Vigilantly staying on top of one's private communications is simply a good practice when traveling within the states. Things get slightly hairier when you travel abroad, because there are compatibility issues to consider too.
1. Don't Use Open Wi-Fi:
Careful people don't even peruse private accounts on Wi-Fi networks at Starbucks in Dallas, let alone China. If you think your sentence-long password is going to protect your data, you're probably wrong
. And if you're not wrong today, you'll be wrong tomorrow.
2. Use "Burner" Accounts":
These are exactly what they sound like. Companies often advise (or require) that their employees use burner email addresses and passwords that will be deleted once they return. Nothing else is allowed in the account except for communications between companies and the employees, and extremely sensitive material will be kept to a minimum. Part of the rational behind the burner is that old accounts are a treasure trove of sensitive account information that will help hackers identify targets.
3. Employ PGP -- When Practicable: "Pretty Good Privacy" encryption
is a way of hiding one's private communications by employing a stream of public and private encryption keys. The key is encrypted using the public key, but can only be unlocked with the private key -- or about a billion years of continuous brute force. The mathematics behind PGP are beyond this post, but companies and attorneys should really consider this option. Apps for PGP are available in proprietary form.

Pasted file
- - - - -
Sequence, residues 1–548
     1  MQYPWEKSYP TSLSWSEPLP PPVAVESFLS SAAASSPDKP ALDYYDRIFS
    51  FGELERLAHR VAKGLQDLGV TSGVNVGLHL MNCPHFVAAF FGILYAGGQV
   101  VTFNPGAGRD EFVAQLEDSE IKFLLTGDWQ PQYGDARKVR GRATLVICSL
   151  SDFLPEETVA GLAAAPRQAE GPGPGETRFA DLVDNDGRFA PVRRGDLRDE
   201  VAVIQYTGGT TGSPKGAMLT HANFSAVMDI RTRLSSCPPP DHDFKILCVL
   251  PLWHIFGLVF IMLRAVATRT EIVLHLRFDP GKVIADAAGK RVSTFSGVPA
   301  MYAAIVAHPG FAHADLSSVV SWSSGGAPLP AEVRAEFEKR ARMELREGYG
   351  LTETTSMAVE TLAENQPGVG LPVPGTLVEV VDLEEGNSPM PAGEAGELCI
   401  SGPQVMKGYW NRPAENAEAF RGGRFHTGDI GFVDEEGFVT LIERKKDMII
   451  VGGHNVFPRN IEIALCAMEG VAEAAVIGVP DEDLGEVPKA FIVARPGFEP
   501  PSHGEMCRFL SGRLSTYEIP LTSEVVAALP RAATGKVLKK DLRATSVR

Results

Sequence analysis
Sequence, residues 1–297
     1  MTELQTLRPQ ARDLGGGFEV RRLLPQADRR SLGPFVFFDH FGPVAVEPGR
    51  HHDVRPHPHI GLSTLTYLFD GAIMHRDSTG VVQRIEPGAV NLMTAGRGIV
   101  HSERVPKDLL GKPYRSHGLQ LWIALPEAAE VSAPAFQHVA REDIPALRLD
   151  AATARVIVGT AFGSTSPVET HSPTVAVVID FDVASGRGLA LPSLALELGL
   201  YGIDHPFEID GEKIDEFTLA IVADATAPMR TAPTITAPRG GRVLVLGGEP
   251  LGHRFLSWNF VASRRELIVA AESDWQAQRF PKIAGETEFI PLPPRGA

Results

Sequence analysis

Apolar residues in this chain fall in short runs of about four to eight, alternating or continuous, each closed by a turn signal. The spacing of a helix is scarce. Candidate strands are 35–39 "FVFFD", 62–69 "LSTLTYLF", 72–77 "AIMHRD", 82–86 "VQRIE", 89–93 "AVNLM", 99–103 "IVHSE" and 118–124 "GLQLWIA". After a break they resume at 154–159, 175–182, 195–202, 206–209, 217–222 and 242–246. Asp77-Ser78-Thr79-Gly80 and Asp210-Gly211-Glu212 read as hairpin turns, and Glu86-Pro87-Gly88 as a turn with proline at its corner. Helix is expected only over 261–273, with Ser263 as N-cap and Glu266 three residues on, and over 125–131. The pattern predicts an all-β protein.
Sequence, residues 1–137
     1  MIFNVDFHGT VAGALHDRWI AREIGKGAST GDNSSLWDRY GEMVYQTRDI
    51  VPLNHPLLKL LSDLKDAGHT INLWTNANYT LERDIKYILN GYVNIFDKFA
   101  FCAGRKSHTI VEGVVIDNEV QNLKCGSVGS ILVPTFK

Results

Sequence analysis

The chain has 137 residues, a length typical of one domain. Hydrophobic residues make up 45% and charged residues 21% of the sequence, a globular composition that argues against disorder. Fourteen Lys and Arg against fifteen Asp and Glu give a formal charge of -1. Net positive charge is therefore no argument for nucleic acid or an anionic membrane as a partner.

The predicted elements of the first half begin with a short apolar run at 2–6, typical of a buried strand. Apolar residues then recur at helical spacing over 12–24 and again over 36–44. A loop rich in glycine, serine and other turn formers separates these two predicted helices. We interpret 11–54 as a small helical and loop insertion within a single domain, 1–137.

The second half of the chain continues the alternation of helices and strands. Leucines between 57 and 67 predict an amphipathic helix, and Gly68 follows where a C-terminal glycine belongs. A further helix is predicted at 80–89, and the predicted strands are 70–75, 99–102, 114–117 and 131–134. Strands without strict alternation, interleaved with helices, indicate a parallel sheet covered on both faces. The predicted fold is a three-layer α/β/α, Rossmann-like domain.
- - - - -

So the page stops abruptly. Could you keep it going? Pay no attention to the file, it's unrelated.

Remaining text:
4. Make Use of VPNs
: The advantages with using VPNs are not as strong as they once were, but they're certainly better than going naked. Keys must be updated at an almost ridiculous rate: at least twice a month if not more frequently.
As Krysia Lenzo so aptly points out
, one cannot count on autocratic countries to abide by customs of "fair play and substantial justice." But who are we Americans to talk? Remember PRISM, anyone? Because it sure remembers you...